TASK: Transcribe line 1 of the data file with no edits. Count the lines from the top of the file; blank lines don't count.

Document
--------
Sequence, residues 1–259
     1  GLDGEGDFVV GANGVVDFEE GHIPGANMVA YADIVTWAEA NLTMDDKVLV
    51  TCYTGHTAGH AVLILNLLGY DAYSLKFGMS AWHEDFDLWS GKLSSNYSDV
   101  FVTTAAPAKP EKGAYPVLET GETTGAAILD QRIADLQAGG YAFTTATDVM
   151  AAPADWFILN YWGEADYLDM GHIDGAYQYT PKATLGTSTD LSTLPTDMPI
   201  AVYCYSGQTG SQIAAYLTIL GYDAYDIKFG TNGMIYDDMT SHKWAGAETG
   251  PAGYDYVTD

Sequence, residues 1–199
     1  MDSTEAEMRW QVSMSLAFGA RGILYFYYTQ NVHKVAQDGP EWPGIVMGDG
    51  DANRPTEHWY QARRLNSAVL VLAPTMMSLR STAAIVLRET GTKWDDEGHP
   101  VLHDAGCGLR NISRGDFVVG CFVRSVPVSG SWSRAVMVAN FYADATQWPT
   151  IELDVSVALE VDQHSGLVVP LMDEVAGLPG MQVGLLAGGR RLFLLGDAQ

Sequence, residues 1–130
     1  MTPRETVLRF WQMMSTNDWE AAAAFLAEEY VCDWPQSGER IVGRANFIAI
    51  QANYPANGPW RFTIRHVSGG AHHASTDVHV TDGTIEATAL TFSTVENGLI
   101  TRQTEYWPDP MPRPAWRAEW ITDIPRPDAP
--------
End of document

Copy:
Sequence, residues 1–259